• (Brenton) …: the eagle and the ossifrage, and the sea-eagle.
  • (CEV) Eagles, vultures, buzzards, crows, ostriches, hawks, sea gulls, owls, pelicans, storks, herons, hoopoes, and bats are also disgusting, and you are forbidden to eat any of them.
  • (CJB) …: the eagle, the vulture, the osprey,
  • (Darby) …: the eagle, and the ossifrage, and the sea-eagle,
  • (DRB) …: The eagle, and the griffon, and the osprey.
  • (ERV) …: eagles, vultures, buzzards,
  • (ESV)..: the eagle, the bearded vulture, the black vulture,
  • (ECB)…: the eagle and the ossifrage and the ospray
  • (Geneva) … the egle, and the goshauke, and the osprey:
  • (GNB) You must not eat any of the following birds: eagles, owls, hawks, falcons; buzzards, vultures, crows; ostriches; seagulls, storks, herons, pelicans, cormorants; hoopoes; or bats.
  • (GW) …. They are eagles, bearded vultures, black vultures,
  • (HCSB) …: the eagle, the bearded vulture, the black vulture,
  • (HRB) …: the eagle, and the black vulture and the bearded vulture,
  • (IAV) …: the eagle, and the ossifrage, and the ospray,
  • (ISV) …: the eagle, vulture, osprey,
  • (LITV-TSP) …: the eagle, and the black vulture and the bearded vulture,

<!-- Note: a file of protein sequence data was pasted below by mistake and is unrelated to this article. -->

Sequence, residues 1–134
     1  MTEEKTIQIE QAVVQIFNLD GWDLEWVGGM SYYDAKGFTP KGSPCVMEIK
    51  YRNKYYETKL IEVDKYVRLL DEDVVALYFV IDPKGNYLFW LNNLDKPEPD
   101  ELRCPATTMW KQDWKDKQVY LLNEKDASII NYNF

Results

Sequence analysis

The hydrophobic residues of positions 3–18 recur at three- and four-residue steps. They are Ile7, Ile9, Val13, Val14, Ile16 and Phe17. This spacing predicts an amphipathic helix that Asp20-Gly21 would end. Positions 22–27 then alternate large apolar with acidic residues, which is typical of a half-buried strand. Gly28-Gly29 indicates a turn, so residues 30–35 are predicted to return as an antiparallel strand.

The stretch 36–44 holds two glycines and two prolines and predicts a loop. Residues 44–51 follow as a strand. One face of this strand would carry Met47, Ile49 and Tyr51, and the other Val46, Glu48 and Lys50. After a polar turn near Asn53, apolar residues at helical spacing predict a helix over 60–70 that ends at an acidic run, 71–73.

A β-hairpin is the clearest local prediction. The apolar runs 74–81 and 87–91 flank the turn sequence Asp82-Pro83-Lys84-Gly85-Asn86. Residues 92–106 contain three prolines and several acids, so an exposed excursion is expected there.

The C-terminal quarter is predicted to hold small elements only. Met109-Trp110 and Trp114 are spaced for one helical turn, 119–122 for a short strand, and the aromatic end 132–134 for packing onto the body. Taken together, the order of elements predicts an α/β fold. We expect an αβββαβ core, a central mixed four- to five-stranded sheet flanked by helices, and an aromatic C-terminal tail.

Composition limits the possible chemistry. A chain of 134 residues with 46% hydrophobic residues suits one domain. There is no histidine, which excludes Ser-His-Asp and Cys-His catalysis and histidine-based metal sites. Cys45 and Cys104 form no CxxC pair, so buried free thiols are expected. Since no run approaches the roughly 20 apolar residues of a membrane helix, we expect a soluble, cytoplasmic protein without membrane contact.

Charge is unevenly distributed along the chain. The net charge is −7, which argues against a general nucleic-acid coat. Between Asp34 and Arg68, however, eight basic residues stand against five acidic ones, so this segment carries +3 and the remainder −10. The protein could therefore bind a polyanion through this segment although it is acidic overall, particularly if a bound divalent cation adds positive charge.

• (JPS) …: the great vulture, and the bearded vulture, and the ospray;
  • (KJ2000) …: the eagle, and the vulture, and the osprey,
  • (KJV) …: the eagle, and the ossifrage, and the ospray,
  • (KJV-1611) …: The Eagle, and the Ossifrage, and the Ospray,
  • (LITV) …: the eagle, and the black vulture and the bearded vulture,
  • (MKJV) …: the eagle, and the black vulture, and the bearded vulture,
  • (MSG) …: eagle, vulture, osprey,
  • (NAS77) …: the eagle and the vulture and the buzzard,
  • (NASB) ‘…: the eagle and the vulture and the buzzard,
  • (NET) … the griffon vulture, the bearded vulture, the black vulture,
  • (NIrV) …”‘They include eagles, vultures and black vultures.
  • (NIV) …: the eagle, the vulture, the black vulture,
  • (NKJV)…: the eagle, the vulture, the buzzard,
  • (NRSV) …: the eagle, the vulture, the osprey,
  • (RV) …: the eagle, and the gier eagle, and the ospray;
  • (The Disciple’s Bible) …: the eagle, and the gier-eagle, and the ospray,
  • (TRC) …The eagle, the goshawk, the cormorant, the kite,
  • (Tyndale) … The egle, the gooshauke, the cormoraunte, the kyte,
  • (UKJV) …: the eagle, and the vulture, and the buzzard,
  • (Webster) …: the eagle, and the ossifrage, and the ospray,
  • (WEB (R)) …: the eagle, and the vulture, and the black vulture,
  • (YLT) …: the eagle, and the ossifrage, and the ospray,


  • (Vulgate) … aquilam et grypem et alietum
  • (clVulgate) …: aquilam, et gryphem, et haliæetum,


  • (LBLA) …: el águila, el buitre y el buitre negro,
  • (NBLH)…: el águila, el buitre y el buitre negro,